Normally we don't do feature matches in round 2, but for Antonino de Rosa, now living in Palermo and making the most of a local Grand Prix, we were more than happy to make an exception. De Rosa is an old time pro who, having lived in such far flung corners of the world as Curacao and the Philippines, but he is now much closer to home. To see the long-time pro with just one bye is a testament to quite how long he's been out of the Pro Tour spotlight. He still knows what's what though, being one of the principle forces behind the Puresteel Paladin deck, and having got back on the tour for Philadephia.

Game One

Marco won the roll, and led with a Forest, while Ant had a turn one Silver-Inlaid Dagger. A Walking Corpse from Marco was soon outclassed when De Rosa cast a Cloistered Youth, who flipped out and became an Unholy Fiend at the first opportunity. The 3/3 didn't get equipped, as de Rosa was wary that Marco had not played a spell on his third turn. His instincts were correct. An Ambush Viper jumped in the way and left Ant to cast an Ashmouth Hound and a Blazing Torch.

Marco had a big game ready, in Garruk Relentless, who swiftly became Veil-Cursed as he fought with de Rosa's only creature.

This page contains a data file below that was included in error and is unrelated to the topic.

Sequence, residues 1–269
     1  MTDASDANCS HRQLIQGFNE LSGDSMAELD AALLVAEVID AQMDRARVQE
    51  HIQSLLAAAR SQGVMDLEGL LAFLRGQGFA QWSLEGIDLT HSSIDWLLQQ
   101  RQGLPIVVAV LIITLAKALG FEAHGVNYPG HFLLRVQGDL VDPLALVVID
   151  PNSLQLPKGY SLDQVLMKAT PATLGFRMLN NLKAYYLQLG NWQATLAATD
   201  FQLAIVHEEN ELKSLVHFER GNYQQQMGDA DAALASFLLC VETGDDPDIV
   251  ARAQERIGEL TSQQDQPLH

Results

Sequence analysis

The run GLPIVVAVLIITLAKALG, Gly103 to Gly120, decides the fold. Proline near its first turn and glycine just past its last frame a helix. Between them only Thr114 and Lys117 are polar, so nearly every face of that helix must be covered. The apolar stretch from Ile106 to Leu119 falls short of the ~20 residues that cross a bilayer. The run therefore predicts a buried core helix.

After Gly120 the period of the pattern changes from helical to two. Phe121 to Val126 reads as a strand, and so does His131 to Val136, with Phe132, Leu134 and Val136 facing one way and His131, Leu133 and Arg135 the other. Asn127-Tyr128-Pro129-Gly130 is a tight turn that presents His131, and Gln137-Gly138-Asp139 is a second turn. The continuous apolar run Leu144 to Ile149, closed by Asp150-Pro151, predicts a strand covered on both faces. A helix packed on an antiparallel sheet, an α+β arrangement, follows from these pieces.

"What am I going to do about that one?" De Rosa asked a substantial crowd who were checking out his match. He tried another creature, but soon lost it to a Corpse Lunge. Things were looking ugly for Ant. A Geistflame, plus its flashback dealt with Garruk, but when Olivia Voldaren replaced it, he declared that he wasn't quite sure how he was meant to win.

"I think those might be the best two rares in the set. At least that's what I've been told." Ant was not about to drag out a game where he was unlikely to come back. He scooped up his cards, and went to his sideboard for game two.

Marco Pandino 1 – 0 Antonino De Rosa

Antonino De Rosa

Game Two

Still smiling, De Rosa wasn't going to let the game one beating bring him down. A rocky run at Pro Tour Philadelphia had left De Rosa with just a single bye, and he seemed happy to play.